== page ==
Art & Entertainment | Book Reviews | Education | Entertainment Video | Health | Lifestyle | Sport | Sport Video | Search


‘Small But Feisty’ Company Wins Over Critics

‘Small But Feisty’ Company Wins Over Critics

Media release
27 April 2004



The Royal New Zealand Ballet has been dubbed ‘small but feisty’ by the British press at the start of its six-week, six-centre UK tour of Romeo and Juliet.

The company has just completed its first leg in Manchester, hometown to Romeo and Juliet choreographer Christopher Hampson.

Jane Turner’s ‘winsome’ interpretation of Juliet, and Kiwi designer Tracy Grant’s ‘sleek staging’ were singled out by Times critic Donald Hutera. “The Royal New Zealand Ballet's current six-week tour is a reminder that culturally the country is capable of more than big-screen epics about ring-bearing Hobbits. Turner... proved to be a pliant dancer and subtly expressive actress. Hampson and Grant turned Shakespeare's tragedy into an involving, heartfelt chamber drama.”

Judith Mackrell, critic for The Guardian, agreed: “Hampson and his designer Tracy Grant have not only aimed for a modern look but also for a modern energy... The New Zealand dancers are terrifically engaging… with Wagner and Turner exemplifying the company's easy, attractive technique and Pieter Symonds outstanding as Lady Capulet, a woman silently screaming inside a dead marriage.”

The company’s strong debut augured well for the rest of the tour, wrote Robert Beale in The Manchester Evening Standard. “It was the first night of the Royal New Zealand Ballet's UK tour (it’s at Sadler's Wells next week), and Salford's warm reception should be an encouragement to a small but feisty troupe.”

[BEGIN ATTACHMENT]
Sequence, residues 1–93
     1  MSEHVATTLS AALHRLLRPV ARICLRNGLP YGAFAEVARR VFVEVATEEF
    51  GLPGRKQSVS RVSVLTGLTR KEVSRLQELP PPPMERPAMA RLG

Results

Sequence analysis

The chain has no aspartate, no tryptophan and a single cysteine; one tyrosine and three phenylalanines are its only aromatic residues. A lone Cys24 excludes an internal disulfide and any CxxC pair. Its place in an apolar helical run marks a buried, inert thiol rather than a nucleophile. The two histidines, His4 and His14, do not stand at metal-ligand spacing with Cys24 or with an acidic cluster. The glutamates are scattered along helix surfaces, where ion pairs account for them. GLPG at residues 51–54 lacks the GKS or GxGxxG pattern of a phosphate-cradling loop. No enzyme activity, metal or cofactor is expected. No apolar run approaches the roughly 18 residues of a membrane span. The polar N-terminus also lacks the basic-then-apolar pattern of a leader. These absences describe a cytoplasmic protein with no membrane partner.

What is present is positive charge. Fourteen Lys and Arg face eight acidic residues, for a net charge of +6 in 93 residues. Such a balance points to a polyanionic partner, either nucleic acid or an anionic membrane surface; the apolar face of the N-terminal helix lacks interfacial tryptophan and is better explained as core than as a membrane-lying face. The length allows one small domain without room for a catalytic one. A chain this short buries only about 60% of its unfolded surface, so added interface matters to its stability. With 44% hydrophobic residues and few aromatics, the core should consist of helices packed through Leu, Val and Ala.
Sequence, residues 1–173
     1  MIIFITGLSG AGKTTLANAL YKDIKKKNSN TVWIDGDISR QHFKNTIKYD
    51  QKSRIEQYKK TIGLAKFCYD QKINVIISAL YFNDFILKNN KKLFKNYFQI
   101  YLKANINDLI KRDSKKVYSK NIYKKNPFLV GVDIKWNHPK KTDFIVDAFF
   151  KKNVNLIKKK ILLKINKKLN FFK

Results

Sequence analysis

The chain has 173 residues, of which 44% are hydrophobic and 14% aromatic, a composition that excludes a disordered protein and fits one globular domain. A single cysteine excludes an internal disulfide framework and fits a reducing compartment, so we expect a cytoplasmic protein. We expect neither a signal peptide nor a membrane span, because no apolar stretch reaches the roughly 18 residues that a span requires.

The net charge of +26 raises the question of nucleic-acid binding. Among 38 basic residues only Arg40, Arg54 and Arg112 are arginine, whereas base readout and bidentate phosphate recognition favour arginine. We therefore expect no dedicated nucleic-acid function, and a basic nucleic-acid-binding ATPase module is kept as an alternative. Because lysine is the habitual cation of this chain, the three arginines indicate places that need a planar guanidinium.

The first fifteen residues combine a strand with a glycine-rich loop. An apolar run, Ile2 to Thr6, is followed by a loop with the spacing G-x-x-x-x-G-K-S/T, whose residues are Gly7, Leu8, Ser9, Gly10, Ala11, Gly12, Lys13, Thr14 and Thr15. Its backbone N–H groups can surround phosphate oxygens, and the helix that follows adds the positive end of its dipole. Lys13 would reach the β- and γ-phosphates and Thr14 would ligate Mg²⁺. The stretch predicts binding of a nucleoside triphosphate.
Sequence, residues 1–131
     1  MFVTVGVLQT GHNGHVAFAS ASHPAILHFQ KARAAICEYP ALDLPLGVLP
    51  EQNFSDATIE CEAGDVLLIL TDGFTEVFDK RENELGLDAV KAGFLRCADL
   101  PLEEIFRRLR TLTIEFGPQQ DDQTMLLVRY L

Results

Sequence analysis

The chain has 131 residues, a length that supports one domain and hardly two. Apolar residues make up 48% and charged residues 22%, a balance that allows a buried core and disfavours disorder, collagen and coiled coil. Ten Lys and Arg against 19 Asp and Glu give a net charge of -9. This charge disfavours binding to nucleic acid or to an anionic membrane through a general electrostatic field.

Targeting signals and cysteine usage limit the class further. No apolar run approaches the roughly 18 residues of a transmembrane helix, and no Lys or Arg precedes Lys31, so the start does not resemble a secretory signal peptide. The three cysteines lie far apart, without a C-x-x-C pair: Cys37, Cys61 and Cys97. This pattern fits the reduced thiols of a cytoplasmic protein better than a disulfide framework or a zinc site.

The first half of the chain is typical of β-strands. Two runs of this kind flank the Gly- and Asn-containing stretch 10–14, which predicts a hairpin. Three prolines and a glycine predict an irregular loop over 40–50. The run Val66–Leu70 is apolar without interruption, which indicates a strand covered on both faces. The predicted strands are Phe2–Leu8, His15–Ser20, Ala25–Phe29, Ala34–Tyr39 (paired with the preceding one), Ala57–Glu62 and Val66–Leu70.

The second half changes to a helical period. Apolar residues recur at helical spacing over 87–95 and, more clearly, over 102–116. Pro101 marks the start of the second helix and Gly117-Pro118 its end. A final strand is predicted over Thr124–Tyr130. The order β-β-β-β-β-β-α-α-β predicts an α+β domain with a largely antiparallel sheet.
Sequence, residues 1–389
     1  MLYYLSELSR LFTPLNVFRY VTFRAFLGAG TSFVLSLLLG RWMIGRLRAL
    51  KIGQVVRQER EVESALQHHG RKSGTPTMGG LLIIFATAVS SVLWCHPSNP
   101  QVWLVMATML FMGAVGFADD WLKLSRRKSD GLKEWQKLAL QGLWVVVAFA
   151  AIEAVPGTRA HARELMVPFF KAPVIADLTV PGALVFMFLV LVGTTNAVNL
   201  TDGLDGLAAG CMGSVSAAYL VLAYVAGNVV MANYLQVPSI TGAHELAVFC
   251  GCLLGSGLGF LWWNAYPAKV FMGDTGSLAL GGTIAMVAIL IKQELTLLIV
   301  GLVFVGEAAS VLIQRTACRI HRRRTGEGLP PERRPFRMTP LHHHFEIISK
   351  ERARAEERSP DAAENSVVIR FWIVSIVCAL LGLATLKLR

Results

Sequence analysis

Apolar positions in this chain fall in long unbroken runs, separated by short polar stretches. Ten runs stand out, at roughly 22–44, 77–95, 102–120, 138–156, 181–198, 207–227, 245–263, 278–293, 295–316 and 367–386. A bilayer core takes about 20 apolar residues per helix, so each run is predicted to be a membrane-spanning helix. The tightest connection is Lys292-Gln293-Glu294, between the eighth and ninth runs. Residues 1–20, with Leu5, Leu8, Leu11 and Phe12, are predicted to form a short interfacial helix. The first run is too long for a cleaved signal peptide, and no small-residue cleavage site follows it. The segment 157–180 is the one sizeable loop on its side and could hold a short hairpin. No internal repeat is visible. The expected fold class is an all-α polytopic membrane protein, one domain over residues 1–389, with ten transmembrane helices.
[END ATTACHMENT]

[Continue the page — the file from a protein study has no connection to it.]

The company had a demanding first week, said dancer Pieter Symonds: “Week one was spent struggling with jet lag, trying to put together two shows with very little rehearsal time, a body that did not want to cooperate after being cooped up on a plane for close to 30 hours. And there was the added bonus of a terrorist bomb threat in the vicinity. “Five shows later and it is hard to believe it all went off without a hitch. Lights, costumes, set and steps fell into place, and the positive response from the audiences hopefully meant they appreciated our kiwi flair.”

The company is touring Romeo and Juliet plus a triple bill programme of FrENZy, Saltarello and Milagros to London, Glasgow, Edinburgh, High Wycombe and Bath. The triple bill will receive its UK premiere at Sadler’s Wells Theatre in London on 27 April (Wednesday morning, New Zealand-time). Visit for full tour details.


© Scoop Media

Culture Headlines | Health Headlines | Education Headlines

Gordon Campbell: Best New Music Of 2017

Any ‘best of list’ has to be an exercise in wishful thinking, given the splintering of everyone’s listening habits... But maybe… it could be time for the re-discovery of the lost art of listening to an entire album, all the way through. Just putting that idea out there. More>>

Scoop Review of Books: Ten x Ten - One Hundred of Te Papa's Best-Loved Art Works

An idiosyncratic selection by ten art curators, each of whom have chosen ten of their favourite works. Handsomely illustrated, their choices are accompanied by full-page colour prints and brief descriptions of the work, explaining in straightforward and approachable language why it is of historical, cultural, or personal significance. More>>

Scoop Review of Books: Portacom City - Reporting On Canterbury Earthquakes

In Portacom City Paul Gorman describes his own deeply personal story of working as a journalist during the quakes, while also speaking more broadly about the challenges that confront reporters at times of crisis. More>>

Scoop Review of Books: Christopher Pugsley’s The Camera in the Crowd - Filming in New Zealand Peace and War 1895-1920

Pugsley brings to life 25 exhilarating years of film making and picture screening in a sumptuously illustrated hardback published by Oratia that tells the story through surviving footage unearthed from the national film archives. More>>



  • Wellington
  • Christchurch
  • Auckland